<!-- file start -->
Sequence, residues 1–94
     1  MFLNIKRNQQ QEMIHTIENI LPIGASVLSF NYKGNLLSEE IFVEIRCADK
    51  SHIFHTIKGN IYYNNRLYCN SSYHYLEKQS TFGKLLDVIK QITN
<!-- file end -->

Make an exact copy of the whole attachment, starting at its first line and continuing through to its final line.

Sequence, residues 1–94
     1  MFLNIKRNQQ QEMIHTIENI LPIGASVLSF NYKGNLLSEE IFVEIRCADK
    51  SHIFHTIKGN IYYNNRLYCN SSYHYLEKQS TFGKLLDVIK QITN